I knew what I was looking for when I started, but let me outline the art theory principles behind what I ‘saw’ in my minds eye before I completed the image.
First, hue I knew that I wanted to blend and tie in the warm yellow skin tones, and the blues/purples of the grooms suit and boutonnière. The dreamlike quality of the image comes from the blended and smudged look of the tonalities so their close relationship in Hue is very important. The clever part of my texture sets is their interrelationships within the close Hue relationships-here that close relationship is yellow to orange, with a vignette in the complementary color of blue. Here is the sample image form the texture set for you to see what it looked like:
If you notice carefully there is a rim of natural light on the bride’s right cheek – the sunshine was coming through trees near sunset, and the bride and groom had their backs to it. So the overall contrast in the luminance of this photo is not very high – that’s good for applying a lighting effect or texture…because you can trick the viewer more easily. So it’s important to note that I’m starting with an image basically lit by open shade…nice and soft. The Hue of the overlay image is important because I want a unified color theme – but also because it creates a brighter spot of sunlight (of sorts) on her dress. That dapple of bright highlight where her hair ends and the semicircle of her necklace dips rounds out the counterpoint of her smile in the composition. The rest of the image’s contrast is burned down by the vignette pushing the viewer’s attention to the warm emotional embrace, and the warm sunshine dappled across their embrace.
The simple steps to getting this done in Photoshop is to use a “Hard Light” layer of somewhere between 15-25%. You want to look to smudge the tones, but not make the texture file in any way prominent to the main image’s subject matter.
Equals how to cross light a mountain!
One of the repetitive questions I get from people are – why such a big flash – and why take it all over with you? I suppose it would be like asking someone who works online the whole time why they use a broadband internet connection (http://www.o2.co.uk/broadband/mobile/), for them the answer is pretty obvious. And it is for me too, it just makes so many more options available.
Quite frankly – this is EXACTLY why!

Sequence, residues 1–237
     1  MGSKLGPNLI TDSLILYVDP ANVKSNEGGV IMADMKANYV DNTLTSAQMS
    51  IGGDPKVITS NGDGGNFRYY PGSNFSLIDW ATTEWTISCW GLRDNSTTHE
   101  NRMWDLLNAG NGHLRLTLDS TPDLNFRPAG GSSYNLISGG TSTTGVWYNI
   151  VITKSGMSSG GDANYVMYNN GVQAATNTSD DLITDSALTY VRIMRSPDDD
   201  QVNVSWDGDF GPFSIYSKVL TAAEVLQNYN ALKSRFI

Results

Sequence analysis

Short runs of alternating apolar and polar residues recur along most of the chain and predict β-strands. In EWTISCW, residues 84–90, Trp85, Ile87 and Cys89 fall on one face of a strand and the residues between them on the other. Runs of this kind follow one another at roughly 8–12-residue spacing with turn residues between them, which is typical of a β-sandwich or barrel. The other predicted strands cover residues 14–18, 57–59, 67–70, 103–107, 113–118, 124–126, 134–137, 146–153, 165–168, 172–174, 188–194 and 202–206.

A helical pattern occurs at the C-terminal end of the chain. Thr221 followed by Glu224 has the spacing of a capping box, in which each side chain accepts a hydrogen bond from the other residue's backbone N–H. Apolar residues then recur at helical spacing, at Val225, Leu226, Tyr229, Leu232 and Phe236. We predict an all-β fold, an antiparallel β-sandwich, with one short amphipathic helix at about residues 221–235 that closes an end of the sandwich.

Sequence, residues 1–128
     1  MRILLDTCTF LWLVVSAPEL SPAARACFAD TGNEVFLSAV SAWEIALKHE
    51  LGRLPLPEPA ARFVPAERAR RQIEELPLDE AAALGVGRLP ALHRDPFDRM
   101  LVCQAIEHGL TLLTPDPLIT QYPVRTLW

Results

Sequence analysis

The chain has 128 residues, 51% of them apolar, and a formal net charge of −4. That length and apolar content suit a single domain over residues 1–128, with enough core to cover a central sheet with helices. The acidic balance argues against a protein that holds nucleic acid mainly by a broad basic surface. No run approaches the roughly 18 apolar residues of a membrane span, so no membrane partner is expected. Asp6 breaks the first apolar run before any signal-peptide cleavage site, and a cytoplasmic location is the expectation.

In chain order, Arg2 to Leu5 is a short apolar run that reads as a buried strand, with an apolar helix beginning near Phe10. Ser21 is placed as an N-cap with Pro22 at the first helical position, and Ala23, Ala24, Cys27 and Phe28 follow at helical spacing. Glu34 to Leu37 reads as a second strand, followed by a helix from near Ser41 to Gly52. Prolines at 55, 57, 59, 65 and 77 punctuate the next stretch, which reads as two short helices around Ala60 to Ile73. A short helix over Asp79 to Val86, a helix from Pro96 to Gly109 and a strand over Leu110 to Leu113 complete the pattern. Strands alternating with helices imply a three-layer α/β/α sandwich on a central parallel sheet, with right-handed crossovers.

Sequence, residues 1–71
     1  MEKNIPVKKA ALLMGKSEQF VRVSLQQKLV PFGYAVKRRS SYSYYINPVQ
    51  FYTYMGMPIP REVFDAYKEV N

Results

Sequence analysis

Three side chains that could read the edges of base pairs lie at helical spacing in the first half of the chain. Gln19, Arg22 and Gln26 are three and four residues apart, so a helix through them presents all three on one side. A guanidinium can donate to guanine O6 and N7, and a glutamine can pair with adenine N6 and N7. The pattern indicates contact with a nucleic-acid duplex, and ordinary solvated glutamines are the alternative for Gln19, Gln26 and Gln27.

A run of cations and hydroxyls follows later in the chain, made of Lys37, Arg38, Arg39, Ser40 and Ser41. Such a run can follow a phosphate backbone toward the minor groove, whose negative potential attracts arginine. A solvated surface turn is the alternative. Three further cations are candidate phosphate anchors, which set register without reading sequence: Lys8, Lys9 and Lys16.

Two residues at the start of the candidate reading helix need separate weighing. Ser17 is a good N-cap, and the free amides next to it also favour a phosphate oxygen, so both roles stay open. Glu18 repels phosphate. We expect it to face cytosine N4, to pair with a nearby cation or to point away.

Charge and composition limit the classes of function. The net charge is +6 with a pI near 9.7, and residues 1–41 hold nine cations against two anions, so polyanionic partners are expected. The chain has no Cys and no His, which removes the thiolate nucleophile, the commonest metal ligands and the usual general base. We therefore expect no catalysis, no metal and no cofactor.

In my lighting case that I loaded onto the plane in Rochester New York was:
1 Alien Bee 800 Monoblock flash unit
1 Paul C. Buff Vagabond portable power unit and power cord
1 Black Impact Air Cusioned light stand height 230cm (model #SLS-LS8A)
1 Pocketwizard reciever
Paul C Buff 11 inch parabolic reflector
Here’s one of the resulting peak moment shots that I try to reach for in my wedding photojournalism. The lighting case was loaded in the helicopter’s coffin gear carrier for the trip up the mountain and across the island. But a large mono-light wasn’t all I had in my arsenal…
Of course I want to cover the whole event with variety as well as style so get past the jump and let’s talk details…
But let’s try and put our finger on it for a moment with the end in mind – what does a texture do for an image?
In the first image I composed the shot with a piece of the ceremony decor in focus with the bride’s head in the background but out of focus. The sharp objects are perceived by our eyes as the subject – the blurry or soft things are the ground – upon which the subject ‘rests’ or ‘resides’. Without separation there is nothing.
So what happens when a texture file with small sharp details is introduced?
In the texture file that I used from the Lighting Overlays Disk 1 set, a focal plane runs through the image with the texture of paper in sharp focus. In this image where only one small object is in the focal plane the texture adds to the perceived depth of the image by adding more ‘figure’ to the figure/ground relationship. It appears as though the crystalline beads rest on something as they sway in the breeze.
The second image of the diptych shows the opposite point of focus, but has the same exact texture applied to the image. Even with my best blue sky photo processing tricks, I couldn’t help the bride’s face rise in perceptual value without some additional lightening or darkening of the sky. I chose the blue texture file and applied it in overlay blend mode which darkened the sky while increasing saturation. Here’s the image as it looks straight out of camera raw.
Interesting perspective, but not the same dramatic picture energy as the finished version. The lighting overlay helps channel the image’s tones into a dramatic and emotionally engaging corner burn (compare the top and bottom right. The cooling blue effect helps the skin-tones rise in prominence and the overlay blend mode deepens the shadows and brightens the highlights for a stronger dimensional feel to the hazy sunlight.
I hope this discussion brings you deeper understanding on your path to visual wisdom!